Long-Term Efficacy, Safety, and Tolerability of Modified Intravesical Oxybutynin Chloride for Neurogenic Bladder in Children

Masashi Honda, Yusuke Kimura, Panagiota Tsounapi, Katsuya Hikita, Motoaki Saito, Atsushi Takenaka


Background: Children with spinal cord disorders can present with neurogenic bladder, a condition in which the bladder partly or completely loses its ability to store urine and void at low pressure. A bladder with low compliance may cause urinary incontinence, which negatively impacts quality of life and renal function. Long-term high pressure neurogenic bladder can increase the risk of deterioration in renal function. Antimuscarinic pharmacotherapy with clean intermittent catheterization is currently considered one of the most effective treatments for these patients. However, some patients do not respond to oral medication or have unacceptable adverse events (AEs), which may result in medical withdrawal for these patients. Intravesical oxybutynin is an effective treatment with less AEs compared with oral medication. However, an important issue with this treatment is retention of the solution in the bladder. Moreover, as yet no data are available on the very long-term use and outcome of modified intravesical oxybutynin therapy. In the present study, we report on the efficacy, safety, and side effects of long-term modified intravesical oxybutynin therapy in children with neurogenic bladder.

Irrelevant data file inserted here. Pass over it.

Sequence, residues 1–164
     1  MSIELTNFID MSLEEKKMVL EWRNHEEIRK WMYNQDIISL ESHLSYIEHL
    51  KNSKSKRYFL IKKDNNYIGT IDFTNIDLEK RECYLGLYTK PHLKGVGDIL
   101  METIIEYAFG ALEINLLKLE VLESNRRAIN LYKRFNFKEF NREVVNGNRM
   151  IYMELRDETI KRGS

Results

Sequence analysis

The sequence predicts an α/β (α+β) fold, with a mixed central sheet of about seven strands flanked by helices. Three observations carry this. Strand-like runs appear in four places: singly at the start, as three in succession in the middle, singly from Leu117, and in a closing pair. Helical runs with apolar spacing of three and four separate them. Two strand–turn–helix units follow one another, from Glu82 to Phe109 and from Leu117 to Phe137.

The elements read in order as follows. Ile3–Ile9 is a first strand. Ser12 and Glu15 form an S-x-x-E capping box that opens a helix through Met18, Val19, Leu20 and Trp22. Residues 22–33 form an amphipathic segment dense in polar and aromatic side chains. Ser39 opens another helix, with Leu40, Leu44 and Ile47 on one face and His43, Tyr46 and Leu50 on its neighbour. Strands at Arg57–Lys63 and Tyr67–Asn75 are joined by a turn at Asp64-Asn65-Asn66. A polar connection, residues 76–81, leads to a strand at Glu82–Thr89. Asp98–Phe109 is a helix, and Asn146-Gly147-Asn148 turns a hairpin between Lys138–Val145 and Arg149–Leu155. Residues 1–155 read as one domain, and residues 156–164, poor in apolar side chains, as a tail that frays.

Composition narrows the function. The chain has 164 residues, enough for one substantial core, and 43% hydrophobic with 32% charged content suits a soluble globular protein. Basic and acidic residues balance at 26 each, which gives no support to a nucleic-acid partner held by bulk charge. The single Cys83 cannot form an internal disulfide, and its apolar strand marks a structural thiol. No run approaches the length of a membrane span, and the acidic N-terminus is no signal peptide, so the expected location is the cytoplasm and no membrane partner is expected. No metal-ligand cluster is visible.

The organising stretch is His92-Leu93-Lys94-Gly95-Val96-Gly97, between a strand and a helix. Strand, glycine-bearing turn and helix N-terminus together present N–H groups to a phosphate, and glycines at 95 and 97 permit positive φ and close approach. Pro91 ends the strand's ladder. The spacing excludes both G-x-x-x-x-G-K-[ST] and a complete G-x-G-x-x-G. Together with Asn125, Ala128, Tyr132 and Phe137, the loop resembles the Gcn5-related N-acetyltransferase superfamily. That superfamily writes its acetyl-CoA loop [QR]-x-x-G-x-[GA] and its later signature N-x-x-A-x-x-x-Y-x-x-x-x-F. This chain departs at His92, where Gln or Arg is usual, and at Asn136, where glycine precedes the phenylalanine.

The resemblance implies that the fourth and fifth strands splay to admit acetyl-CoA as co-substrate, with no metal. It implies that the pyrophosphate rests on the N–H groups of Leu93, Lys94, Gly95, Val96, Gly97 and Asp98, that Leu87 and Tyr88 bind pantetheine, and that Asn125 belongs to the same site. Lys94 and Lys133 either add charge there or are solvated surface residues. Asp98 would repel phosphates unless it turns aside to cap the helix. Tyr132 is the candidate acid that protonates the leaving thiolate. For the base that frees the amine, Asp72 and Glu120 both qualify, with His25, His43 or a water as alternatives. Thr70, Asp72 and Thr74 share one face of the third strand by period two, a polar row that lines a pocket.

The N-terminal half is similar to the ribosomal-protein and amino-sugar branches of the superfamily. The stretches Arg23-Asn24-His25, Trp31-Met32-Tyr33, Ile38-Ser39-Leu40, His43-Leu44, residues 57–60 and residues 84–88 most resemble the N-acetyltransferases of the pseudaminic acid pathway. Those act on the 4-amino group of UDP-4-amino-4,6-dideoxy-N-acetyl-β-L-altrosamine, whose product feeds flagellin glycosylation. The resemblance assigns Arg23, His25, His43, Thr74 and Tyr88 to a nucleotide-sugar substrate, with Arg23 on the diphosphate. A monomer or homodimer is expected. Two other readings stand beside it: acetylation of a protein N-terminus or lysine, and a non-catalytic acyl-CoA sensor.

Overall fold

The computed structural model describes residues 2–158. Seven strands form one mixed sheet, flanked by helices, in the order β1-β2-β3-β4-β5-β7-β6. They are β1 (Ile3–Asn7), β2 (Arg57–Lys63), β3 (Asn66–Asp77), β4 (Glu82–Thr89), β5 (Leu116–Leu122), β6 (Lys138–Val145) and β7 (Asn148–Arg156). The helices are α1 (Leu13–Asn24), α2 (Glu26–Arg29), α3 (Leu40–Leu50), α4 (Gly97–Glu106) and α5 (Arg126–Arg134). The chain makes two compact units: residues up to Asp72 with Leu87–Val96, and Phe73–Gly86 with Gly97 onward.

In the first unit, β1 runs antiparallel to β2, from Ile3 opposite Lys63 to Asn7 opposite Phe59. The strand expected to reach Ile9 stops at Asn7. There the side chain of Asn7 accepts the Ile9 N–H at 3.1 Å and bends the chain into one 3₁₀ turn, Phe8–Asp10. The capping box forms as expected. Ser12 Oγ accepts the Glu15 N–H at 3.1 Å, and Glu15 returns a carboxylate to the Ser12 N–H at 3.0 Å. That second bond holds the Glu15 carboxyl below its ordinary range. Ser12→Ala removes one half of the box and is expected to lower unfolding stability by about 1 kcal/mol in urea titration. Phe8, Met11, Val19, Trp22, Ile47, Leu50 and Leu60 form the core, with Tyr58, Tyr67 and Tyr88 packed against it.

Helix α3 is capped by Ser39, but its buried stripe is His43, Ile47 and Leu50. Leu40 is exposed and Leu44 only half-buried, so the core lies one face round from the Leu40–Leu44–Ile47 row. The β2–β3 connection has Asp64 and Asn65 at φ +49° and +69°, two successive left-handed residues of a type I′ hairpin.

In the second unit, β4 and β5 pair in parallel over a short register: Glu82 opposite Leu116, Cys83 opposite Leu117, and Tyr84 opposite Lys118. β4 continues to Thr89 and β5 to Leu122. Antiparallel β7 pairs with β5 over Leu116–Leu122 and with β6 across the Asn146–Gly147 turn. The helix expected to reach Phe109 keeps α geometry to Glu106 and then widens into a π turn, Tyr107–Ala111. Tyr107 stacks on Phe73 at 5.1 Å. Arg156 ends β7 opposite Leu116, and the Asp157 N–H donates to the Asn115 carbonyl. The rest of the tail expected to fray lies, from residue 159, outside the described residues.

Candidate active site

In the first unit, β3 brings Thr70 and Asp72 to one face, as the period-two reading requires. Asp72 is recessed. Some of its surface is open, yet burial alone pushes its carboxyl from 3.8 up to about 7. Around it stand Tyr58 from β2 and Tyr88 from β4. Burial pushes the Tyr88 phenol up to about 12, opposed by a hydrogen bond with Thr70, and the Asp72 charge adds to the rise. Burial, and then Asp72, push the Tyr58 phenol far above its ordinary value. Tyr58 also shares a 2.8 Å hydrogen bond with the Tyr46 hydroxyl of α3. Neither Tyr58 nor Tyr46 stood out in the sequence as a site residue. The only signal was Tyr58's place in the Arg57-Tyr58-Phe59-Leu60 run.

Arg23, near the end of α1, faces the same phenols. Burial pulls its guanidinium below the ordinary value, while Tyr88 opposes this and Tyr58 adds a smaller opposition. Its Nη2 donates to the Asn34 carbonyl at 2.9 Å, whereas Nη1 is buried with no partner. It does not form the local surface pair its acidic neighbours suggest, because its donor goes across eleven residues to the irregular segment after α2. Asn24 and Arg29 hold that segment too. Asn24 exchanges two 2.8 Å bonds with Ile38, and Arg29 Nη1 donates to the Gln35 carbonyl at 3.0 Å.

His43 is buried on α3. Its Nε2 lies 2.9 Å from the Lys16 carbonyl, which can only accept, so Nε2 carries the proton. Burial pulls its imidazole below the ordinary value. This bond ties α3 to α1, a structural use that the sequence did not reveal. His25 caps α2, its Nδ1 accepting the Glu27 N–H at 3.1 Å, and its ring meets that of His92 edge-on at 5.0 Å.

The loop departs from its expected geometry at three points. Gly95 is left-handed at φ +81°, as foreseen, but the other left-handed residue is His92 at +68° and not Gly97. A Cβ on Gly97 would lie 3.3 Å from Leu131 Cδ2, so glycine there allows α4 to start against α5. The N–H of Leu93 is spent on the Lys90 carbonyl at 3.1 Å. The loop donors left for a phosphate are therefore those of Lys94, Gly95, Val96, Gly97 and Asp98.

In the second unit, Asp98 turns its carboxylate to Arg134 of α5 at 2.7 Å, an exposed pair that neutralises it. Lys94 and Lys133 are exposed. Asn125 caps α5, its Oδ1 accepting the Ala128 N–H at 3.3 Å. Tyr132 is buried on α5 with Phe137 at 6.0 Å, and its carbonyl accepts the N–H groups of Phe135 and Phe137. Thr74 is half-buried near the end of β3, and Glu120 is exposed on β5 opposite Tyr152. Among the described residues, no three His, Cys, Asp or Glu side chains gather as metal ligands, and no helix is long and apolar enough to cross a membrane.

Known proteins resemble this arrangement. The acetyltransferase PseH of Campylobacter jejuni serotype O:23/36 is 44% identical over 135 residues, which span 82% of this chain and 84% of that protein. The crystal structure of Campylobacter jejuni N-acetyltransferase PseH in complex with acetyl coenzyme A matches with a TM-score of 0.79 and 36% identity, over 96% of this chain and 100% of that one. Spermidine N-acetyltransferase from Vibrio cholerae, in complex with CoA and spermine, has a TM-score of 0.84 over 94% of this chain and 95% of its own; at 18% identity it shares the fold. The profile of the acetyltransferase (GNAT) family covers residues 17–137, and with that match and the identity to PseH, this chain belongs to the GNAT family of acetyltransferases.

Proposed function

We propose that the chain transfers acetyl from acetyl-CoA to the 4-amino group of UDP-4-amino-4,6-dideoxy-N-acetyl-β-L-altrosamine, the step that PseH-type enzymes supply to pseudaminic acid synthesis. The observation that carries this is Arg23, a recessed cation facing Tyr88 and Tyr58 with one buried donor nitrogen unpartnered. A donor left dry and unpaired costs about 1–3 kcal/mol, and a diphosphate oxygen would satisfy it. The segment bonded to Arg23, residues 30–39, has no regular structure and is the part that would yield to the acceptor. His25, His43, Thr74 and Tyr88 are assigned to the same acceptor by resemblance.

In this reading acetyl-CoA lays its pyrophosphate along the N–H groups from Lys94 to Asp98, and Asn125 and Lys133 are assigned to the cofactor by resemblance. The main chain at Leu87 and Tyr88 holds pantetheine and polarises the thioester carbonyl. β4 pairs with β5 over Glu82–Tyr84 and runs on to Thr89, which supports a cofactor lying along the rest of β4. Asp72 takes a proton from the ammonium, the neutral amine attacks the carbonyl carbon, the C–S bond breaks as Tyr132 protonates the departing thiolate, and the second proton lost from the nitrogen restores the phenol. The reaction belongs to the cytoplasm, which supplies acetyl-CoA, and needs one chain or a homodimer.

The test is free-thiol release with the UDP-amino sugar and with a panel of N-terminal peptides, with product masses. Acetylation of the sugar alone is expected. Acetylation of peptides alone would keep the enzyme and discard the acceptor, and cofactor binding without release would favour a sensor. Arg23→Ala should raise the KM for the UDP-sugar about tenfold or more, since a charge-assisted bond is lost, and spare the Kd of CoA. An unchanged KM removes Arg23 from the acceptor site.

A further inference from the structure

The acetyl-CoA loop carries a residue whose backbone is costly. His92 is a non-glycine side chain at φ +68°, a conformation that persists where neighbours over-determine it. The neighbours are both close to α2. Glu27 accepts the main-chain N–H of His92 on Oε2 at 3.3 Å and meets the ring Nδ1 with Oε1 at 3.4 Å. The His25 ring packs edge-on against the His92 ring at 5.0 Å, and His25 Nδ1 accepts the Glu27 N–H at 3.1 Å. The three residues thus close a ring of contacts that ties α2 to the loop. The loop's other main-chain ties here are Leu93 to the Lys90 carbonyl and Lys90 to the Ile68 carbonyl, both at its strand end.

Methods: Modified intravesical oxybutynin (1.25 mg/5 mL, twice a day) was administered to four children (three boys and one girl) with neurogenic bladder (detrusor overactivity and/or low compliance bladder), who were previously unresponsive to or experienced intolerable AEs from oral medications. Results of pretreatment cystometrograms were compared to those from follow-up urodynamic studies. Anticholinergic AEs, occurrence of urinary tract infection, and degree of incontinence during this treatment were also evaluated.

Results: After 1 year, bladder compliance improved in three of the four patients. After 3 years, detrusor overactivity was undetectable in all patients. Bladder compliance at 3 years and 10 years after initiation of therapy was similar for three patients, and they are continuing modified intravesical oxybutynin therapy. One patient discontinued therapy at 118 months due to worsening of bladder compliance and upper urinary tract infection. No anticholinergic systemic AEs were observed in any of the patients.

Conclusions: These results suggest that modified intravesical oxybutynin is an effective and relatively safe long-term therapeutic option for children with neurogenic bladder.

J Clin Med Res. 2019;11(4):256-260
doi: https://doi.org/10.14740/jocmr3752


Neurogenic bladder; Children; Intravesical oxybutynin chloride; Hydroxypropylcellulose

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